The most detailed analysis to date of how well rich nations have kept promises to provide poorer ones with funds to tackle climate change was released today. The research concludes that they have collectively failed to fulfil eight substantive pledges.
Published by the International Institute for Environment and Development — the study comes as countries prepare for the latest round of intergovernmental climate-change negotiations, which begin next week in Doha.
The wealthier nations promised in 2009 to provide developing countries with US$30 billion by the end of 2012, and said this should be “new and additional” finance balanced between support for adaptation and mitigation activities. They made additional pledges about transparency, governance and the need to help the most vulnerable nations first.
But so far, only US$23.6 billion of the US$30 billion promised has been committed. And only 20 per cent of the fast start finance has been allocated to projects that will help poor nations adapt to a changing climate.
Less than half of the fast start finance is in the form of grants. The rest is loans, which means poor countries must repay with interest the costs of adapting to a problem they have not caused.
And rich nations have not provided enough transparent information to prove that their contributions are really new and not just diverted from existing aid budgets.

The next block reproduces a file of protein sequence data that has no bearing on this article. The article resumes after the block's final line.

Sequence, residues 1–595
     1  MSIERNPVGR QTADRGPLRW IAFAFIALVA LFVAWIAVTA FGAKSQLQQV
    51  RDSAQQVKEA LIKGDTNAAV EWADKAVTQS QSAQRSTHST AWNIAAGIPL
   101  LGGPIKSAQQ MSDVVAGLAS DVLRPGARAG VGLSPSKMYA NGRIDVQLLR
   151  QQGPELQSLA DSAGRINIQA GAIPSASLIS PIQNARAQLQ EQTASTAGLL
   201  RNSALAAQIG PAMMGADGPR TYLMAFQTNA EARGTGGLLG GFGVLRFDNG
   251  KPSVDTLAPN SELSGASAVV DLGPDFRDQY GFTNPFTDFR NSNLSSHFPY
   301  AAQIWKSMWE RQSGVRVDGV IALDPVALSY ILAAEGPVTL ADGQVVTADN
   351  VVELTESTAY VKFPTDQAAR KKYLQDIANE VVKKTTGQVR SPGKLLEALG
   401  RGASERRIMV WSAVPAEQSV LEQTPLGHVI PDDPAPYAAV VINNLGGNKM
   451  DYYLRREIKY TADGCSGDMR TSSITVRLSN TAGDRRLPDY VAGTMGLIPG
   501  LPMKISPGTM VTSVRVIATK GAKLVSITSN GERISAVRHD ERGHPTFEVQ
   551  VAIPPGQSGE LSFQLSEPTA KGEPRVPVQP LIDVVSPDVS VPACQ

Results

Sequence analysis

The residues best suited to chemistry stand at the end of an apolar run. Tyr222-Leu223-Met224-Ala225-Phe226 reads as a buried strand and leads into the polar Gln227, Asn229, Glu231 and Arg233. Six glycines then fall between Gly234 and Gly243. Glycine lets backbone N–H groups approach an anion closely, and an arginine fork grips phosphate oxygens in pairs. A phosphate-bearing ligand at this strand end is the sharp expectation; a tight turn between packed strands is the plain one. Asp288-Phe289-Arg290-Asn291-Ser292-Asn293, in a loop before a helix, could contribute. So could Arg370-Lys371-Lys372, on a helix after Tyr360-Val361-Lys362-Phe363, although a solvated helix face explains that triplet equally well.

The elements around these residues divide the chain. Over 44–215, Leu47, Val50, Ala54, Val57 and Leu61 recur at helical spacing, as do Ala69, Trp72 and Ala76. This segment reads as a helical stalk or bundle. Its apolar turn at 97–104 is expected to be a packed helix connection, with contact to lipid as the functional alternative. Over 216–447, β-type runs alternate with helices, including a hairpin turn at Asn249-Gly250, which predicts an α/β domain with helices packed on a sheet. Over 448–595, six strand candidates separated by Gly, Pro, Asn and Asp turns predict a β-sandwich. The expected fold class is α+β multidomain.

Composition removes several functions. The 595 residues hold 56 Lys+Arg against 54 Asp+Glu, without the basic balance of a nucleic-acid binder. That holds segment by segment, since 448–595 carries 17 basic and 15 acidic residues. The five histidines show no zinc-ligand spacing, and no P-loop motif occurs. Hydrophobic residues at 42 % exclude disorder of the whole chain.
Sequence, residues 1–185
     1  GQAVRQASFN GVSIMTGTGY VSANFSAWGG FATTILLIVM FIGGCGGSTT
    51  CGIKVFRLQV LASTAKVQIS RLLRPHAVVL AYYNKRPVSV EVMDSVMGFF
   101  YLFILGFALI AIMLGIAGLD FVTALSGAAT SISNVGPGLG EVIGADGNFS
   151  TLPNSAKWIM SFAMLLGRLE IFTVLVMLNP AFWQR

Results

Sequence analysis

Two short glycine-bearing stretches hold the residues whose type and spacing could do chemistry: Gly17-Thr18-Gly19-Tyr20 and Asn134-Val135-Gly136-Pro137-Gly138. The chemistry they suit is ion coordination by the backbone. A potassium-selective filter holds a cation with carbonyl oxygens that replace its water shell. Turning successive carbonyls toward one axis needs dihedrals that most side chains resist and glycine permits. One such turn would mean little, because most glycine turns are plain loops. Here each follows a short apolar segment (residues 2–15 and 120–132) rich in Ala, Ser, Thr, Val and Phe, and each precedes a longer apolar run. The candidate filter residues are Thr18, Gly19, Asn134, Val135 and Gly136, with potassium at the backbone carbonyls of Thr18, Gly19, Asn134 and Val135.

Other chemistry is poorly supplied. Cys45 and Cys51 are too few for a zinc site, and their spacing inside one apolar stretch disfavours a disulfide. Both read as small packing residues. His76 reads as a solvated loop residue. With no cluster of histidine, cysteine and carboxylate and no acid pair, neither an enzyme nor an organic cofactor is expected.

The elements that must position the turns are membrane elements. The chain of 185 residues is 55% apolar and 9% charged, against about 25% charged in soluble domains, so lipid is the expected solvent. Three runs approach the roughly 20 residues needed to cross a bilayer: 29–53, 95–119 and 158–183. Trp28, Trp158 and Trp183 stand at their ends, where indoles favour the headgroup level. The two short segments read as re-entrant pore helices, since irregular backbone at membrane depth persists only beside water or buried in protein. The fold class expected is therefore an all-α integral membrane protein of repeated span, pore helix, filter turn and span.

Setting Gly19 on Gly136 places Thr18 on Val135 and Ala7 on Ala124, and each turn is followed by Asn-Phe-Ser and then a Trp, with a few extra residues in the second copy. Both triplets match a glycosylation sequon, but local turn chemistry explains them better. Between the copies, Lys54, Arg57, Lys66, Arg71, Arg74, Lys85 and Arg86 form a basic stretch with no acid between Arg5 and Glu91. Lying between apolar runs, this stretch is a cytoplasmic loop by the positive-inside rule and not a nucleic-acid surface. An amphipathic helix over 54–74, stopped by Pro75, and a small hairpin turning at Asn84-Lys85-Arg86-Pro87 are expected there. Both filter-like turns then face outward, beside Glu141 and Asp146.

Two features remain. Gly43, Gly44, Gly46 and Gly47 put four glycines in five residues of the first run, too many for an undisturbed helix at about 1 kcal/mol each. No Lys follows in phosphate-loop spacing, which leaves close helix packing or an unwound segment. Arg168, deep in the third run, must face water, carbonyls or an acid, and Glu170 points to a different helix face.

To examine transparency in more detail, the researchers evaluated donor nations across 24 measures. On the resulting scorecard, no donor nation scored more than 67 per cent.
“Without transparency about how and when rich countries will meet their climate finance pledges, developing countries are left unable to plan to adequately address and respond to climate change,” says co-author Timmons Roberts of Brown University in the United States, whose Climate and Development Lab led the research.
The poor track record of rich nations in meeting their fast start finance pledges has raised serious concerns that these countries will also renege on their bigger promise to ensure that US$100 billion flows to developing nations each year by 2020 to help them to respond to climate change.
Download report (pdf)